[Withering] If you wanna call it house music. It’s dance music. Sorta. But see, I’m not trendy. I’m not a trendy dude. I don’t have anything to do with what anyone else is doing. My aim is not to jump on somone’s trendy bandwagon, or someone’s new buzzword and ride it ’til it burns out then do whatever the next trend is. I do what I do. It’s a two-part programme: wake up… and then do it. That’s it. There’s not a lot of crowd research, there’s not a lot of committee decisions. I get records, I get promos, I download and listen to them, I think this works, I think this doesn’t work, this needs an edit, I look at how I can make it work in my sets, I go out and I play it, and that, really, is that.

How about in Chicago? At home you must be aware of ups and downs in the scene?

No. From far away across the ocean, perhaps you have different perceptions, but everyone I know has maintained somewhat regular work in the city. There’s always nights going on, there’s always a bunch of music happening, there’s always healthy events going on. Block parties, warehouse parties, clubs, it’s all happening, and has been for quite a few years. Maybe there was some kind of slowdown here and there in selling records as formats changed, but I’ve been playing consistently and pretty much regularly in Chicago since nineteen eighty… eight.

But with that length of history, that’s several generations of clubbers and DJs. Are there any obvious generation gaps in the scene?

I don’t think so. Even from when I started, parties were mixed. I was the younger generation, and sure I might’ve found the older generation then maybe stand-offish or elitist, but fuck it – they’re older, and who at 30 wants to hang around with a bunch of goofy-assed 20 year olds? When I first went out, the people in the clubs were maybe even older, like 35, and I’d show up at 18 thinking I’m hot shit, and of course they’re going to put you through your paces, of course they’re going to be somewhat protective of what they’re a part of and what they’ve built. They’re the fabric of things, and you’re the upstart, the newbie that’s coming in, so you’re going to have to show and prove.  And that’s true now. That’s not necessarily a Chicago thing, it’s not something we’ve copyrighted, that’s just how that goes.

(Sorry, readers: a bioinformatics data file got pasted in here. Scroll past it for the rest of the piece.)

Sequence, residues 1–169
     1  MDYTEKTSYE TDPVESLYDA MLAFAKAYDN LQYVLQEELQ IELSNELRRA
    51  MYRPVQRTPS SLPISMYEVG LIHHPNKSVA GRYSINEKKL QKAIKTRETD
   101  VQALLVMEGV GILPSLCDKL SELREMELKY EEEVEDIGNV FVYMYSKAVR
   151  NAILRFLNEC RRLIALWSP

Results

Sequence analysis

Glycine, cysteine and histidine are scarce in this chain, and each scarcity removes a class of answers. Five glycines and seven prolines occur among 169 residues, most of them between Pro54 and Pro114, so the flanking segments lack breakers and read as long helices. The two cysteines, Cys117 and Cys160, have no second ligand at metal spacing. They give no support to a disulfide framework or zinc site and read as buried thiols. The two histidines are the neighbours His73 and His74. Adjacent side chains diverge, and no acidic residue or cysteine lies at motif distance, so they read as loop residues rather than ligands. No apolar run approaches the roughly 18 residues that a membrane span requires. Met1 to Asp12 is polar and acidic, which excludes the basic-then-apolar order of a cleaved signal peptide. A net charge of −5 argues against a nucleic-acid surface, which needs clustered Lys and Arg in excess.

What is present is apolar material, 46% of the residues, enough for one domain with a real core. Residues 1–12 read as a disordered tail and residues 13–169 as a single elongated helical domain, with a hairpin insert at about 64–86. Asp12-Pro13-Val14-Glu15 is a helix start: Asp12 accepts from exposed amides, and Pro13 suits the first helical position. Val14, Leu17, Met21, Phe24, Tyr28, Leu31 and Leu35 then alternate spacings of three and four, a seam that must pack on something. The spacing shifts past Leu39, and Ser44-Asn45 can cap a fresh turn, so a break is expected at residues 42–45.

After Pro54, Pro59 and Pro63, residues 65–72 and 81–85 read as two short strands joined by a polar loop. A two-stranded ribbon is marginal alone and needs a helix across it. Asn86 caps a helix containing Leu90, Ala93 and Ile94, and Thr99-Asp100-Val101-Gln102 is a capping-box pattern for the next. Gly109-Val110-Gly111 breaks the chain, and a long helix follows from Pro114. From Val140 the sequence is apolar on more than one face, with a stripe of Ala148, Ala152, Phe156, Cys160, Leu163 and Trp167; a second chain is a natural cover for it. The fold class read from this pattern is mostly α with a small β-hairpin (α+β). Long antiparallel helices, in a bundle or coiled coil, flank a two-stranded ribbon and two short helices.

“It’s hard to care about a popularity game that’s based on kids sat at their computer clicking links. I like people who know what they’re doing.”

Sure – but in some places, that drives a younger generation to go “well, fuck you then,” and create radically different scenes and sounds. But not with house – it may have offshoots, but new generations seem to want to keep on keeping on with the sound.

Yeah. It’s part of our fabric. It resonates. There are these kinds of finishing schools, places that exist which are institutions, and as long as they exist they will have some influence on that scenario, they will maintain the sound and maintain people wanting to perfect that sound. For example, the Smart Bar. Smart Bar is about to turn 30. How many clubs, bars, event spaces, anything, have got 30 years under their belt as a place that you can go and dance and hear current and new music, and who hire people to be the vanguard, to be the avant, to push things forwards? I would venture to say there are very, very, very, very, very few places that make it to a tenth birthday, let alone a 15th, 20th, 25th or 30th birthday, and still be on the edge and not just be the old folks’ riding club or senior citizen shuffleboard brigade’s weekly outing to dance around and go, “aww, I remember that sawwng”.

And there are a few places that might not be pushing 30, but that have a vaulted and well-storied existence – a bit more on the commercial end but places like Sound Bar has gone on a good long time. And Spy Bar is another – the guys that run that are doing fucking massive things. And they keep giving back. Dino, George and their crew are doing things like putting on warehouse parties: I went to one and oh my gaaaaawd… I do a disco party quarterly, at Smart Bar, usually on holidays – Gay Pride, 4th of July, Thanksgiving, whatever. Now this one was 4th of July, and that night Dino and the Spy Bar guys had a warehouse party going too, which had Dubfire and a few guys playing in a warehouse in Chicago!